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News Details at Edinburgh Napier University


A spotlight on Neurodiversity
This Neurodiversity Celebration Week, Muniba Khan shares her story of being a carer for her neurodivergent son
Full Story

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My name is Muniba Khan, I am the Talent Acquisition Team Leader and a carer for my seven-year-old son, who was diagnosed with autism at age four. ​

If you are someone who was like me, unaware of neurodiversity (autism, ADHD, dyslexia etc), it can be a daunting experience, not knowing what to expect and how to support the needs of a neurodivergent person/child. It was a journey where I started to familiarise myself with as much information as possible and tried various things to suit the needs of my child. Reading books and articles, and joining various groups helped me to widen my knowledge and understanding for the sake of being a better support for my son.

I found that although at times it was difficult to repeat my son's needs or explain the situation to another person, it was important to make people aware and normalise the chat around being on the spectrum and what he may need. 

Speaking with people and professionals, with an influx of information coming my way, I was constantly reminded that I am the person who knows him best, therefore I am well quipped to pick and choose things that best cater to him. This was the best advice I got throughout this journey.

We got introduced to a lot of help to get us on this journey. However, dealing with multiple organisations, and keeping up with a day-to-day life can be challenging and overwhelming at times. It is important to know how much you can take in and when to take a break or stop to reboot.

Having a neurodivergent child has been a challenge but at the same time a rewarding experience. You learn to love more - unconditionally as you may or may not get a hug or a kiss back most days, or simple acknowledgement of your presence. You will celebrate each learning; to spell, read, write, make friends, which, in most cases, we may take for granted with children (looking back and comparing it to my older son).

Our focus has been to ensure that the people surrounding our son understand neurodiversity and his individual needs as much as possible. It is important that you become that champion for the neurodivergent person in your life and by helping others to understand, you feel reassured that they are in safe hands if you are not around.

Being a carer for someone on the spectrum has been life changing. It makes me think of things far in advance as to what could be the effects and repercussions of anything we plan, do or say. That makes us more reflective as many a times you are unsure what may have caused a certain reaction, and we go back in time following each step to identify what lead to any unease and disruption in behaviour. ​

If we are fortunate enough to plan a holiday as a family, we think of where we are going, what food will be available, clothing to wear (as in most days living in Scotland, he may insist on wearing a jacket even if it's hot) etc. Each night he will ask to go back home, and you cannot make them understand we are miles away. This leads to relying on medication to make him calmer and fall asleep each night, while we drive around as this happens.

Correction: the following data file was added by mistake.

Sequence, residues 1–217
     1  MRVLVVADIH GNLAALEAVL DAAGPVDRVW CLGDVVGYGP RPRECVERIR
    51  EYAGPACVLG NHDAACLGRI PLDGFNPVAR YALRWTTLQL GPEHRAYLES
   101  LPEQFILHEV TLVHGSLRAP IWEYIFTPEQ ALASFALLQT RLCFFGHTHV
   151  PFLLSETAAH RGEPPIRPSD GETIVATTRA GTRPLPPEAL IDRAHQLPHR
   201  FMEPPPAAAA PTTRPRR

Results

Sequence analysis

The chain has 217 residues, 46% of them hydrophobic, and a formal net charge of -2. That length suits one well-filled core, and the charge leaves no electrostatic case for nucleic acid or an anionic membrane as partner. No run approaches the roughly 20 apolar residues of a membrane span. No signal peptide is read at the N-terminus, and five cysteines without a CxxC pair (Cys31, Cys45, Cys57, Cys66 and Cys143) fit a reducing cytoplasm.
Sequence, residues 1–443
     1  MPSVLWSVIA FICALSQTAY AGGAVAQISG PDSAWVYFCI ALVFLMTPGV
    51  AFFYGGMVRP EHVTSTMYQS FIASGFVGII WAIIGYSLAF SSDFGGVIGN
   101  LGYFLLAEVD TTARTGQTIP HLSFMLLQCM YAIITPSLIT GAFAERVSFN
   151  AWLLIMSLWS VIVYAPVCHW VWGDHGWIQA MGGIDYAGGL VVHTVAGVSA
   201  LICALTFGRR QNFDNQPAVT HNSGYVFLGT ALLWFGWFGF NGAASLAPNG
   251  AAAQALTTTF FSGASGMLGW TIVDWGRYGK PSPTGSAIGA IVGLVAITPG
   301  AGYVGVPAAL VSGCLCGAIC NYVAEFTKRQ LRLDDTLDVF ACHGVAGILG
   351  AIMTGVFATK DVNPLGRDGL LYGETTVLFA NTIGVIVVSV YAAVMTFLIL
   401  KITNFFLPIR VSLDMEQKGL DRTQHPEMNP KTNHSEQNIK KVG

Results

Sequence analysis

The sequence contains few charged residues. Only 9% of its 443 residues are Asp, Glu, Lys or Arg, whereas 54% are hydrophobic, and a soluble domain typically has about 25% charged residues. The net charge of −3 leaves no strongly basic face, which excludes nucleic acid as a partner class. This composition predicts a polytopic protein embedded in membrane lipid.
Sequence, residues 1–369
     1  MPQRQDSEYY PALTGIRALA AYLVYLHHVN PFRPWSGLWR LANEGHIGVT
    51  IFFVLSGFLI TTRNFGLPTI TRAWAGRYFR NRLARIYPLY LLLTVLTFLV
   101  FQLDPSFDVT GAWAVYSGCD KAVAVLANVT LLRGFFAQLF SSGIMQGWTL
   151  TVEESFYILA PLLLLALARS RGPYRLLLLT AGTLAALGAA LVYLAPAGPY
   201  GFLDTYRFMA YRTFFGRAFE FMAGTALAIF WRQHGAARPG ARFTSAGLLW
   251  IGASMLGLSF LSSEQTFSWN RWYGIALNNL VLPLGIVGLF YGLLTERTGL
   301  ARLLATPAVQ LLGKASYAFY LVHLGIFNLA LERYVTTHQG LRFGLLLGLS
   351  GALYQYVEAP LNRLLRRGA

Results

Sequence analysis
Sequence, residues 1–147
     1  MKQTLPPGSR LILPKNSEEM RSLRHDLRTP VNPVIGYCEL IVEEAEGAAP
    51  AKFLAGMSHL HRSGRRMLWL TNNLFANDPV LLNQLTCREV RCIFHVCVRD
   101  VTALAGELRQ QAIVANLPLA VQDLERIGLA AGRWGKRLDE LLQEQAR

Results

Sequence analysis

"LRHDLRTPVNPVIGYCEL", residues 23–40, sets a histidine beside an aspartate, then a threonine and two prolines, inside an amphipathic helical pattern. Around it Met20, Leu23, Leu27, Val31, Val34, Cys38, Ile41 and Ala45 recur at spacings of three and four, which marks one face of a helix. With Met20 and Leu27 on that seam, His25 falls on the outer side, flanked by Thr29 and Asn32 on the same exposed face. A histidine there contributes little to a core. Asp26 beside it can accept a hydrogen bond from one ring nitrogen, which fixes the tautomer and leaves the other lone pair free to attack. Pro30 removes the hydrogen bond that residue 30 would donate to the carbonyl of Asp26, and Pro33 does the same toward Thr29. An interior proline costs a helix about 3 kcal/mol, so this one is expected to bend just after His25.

The changes to the longer days or longer nights are an added challenge. If it is bright outside, and it might be 10pm, he will simply refuse to sleep as its not 'nighttime' and if its 4pm and its dark already, it is bedtime, and he would want to go straight to bed.

The noise, sounds, sensory can also be a trigger. In our case, as my son is growing, we will not be able to take him into a mall, as it's a confined space that echoes and its overwhelming for him to be inside. We adapt and try to plan everything outdoors, even on days when it's pouring outside.

You learn to accept that it is not easy for our child to make friends, but to keep trying to ensure they have some social activities to expose them to the normalities of life. It is also important to know where to push and where to draw the line to keep a balance as you do not want them to be under undue pressure.

There is a popular quote you may have come across, “when you meet one person with Autism, you've met one person with Autism" that highlights how Autism is very diverse and each individual can be different from another person on the spectrum of autism. 

Working at Edinburgh Napier University has supported my journey tremendously. I was able to get the 'understanding' for my needs as a carer, and the support with the People Team and others who work here approaching me with profound sincerity. I have experienced so much kindness where when you walk in the door and the people around know that you have made it to work after a distressful episode first thing in the morning and need time to gather yourself; they give you not only the understanding but support and not as much as a stare to suggest why were you late.

I also get the flexibility on the days I need it, to ensure that I am not only looking after my son, but also myself, and not overcompensating for the flexibility I am given (Yes! The guilt comes in so many ways). However, this flexibility motivates me to go above and beyond and extend flexibility when required of me.​

The reminder of the support of the people around you is priceless and at Edinburgh Napier University, I have seen in action of them being inclusive.




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